According to Prime Minister Narendra Modi, India’s pharmaceutical industry has the potential to grow to a $10 trillion market with the right private-university collaboration. Around $4 trillion is the current market size for this sector.
In remarks made during a post-budget webcast on “Health and Medical Research,” Prime Minister Modi noted that there is rising support for India’s pharmaceutical capabilities, and the sector has to take advantage of this.
The prime minister Modi announced the beginning of a new initiative to promote research and innovation in the pharmaceutical industry through centres of excellence, which would enhance the economy and open up new employment possibilities.
He requested major investment areas from the parties involved.
Moreover, he mentioned that India has begun developing its trained workforce for high-end manufacturing, research, and future medical technologies. He urged the audience to think of ways that business, academia, and the government might work together.
Ayushman Bharat, a government health insurance programme, and “Jan Aushadhi” centres, where medicines are sold at lower prices, have saved Indian citizens, respectively, 80,000 crores and 20,000 crores, according to PM Modi, who also stated that making medical care accessible and affordable has been the government’s top priority.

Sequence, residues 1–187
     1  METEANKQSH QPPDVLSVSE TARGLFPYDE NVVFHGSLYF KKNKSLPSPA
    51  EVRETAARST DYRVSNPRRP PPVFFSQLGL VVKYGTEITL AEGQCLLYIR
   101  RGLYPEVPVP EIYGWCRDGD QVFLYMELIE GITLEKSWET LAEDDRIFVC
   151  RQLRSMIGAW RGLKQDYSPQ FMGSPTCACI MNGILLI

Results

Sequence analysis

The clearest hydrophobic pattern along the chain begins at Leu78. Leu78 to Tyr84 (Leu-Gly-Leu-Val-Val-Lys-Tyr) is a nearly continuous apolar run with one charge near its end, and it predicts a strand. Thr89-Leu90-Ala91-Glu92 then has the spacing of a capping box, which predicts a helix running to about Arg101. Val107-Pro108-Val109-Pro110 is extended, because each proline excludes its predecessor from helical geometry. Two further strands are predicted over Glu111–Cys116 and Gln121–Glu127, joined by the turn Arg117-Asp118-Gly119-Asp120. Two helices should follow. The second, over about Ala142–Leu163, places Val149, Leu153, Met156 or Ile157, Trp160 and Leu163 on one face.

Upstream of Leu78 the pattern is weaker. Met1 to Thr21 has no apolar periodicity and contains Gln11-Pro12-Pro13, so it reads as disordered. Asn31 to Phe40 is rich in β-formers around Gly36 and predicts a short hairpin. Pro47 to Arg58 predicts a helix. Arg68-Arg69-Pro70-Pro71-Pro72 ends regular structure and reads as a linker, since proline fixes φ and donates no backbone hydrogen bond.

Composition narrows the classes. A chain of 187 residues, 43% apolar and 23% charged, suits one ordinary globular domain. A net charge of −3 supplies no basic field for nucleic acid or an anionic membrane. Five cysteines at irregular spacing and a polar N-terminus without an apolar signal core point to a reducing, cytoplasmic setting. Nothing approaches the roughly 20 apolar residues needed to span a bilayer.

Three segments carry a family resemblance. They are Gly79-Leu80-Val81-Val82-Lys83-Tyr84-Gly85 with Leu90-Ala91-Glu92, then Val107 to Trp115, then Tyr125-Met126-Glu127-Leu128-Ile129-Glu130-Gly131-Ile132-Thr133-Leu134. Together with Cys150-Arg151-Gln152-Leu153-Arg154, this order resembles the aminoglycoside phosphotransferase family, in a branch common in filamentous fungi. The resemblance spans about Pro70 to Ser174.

More than 260 new medical schools have opened in recent years, according to the prime minister, who also emphasised how technology plays an increasingly important role in lowering the cost and increasing the accessibility of medical care. He went into further detail on the government’s emphasis on using technology. With programmes like e-Sanjivini, teleconsultations have so far helped 10 crore individuals.
“5G is giving companies in this industry new chances. Drones are bringing about dramatic improvements in the testing and distribution of medications. In addition to providing a boost to our efforts to achieve universal healthcare, this is a fantastic chance for entrepreneurs, he added, advising them to steer clear of importing technology.
The growing popularity of medical tourism, he noted, is creating job possibilities.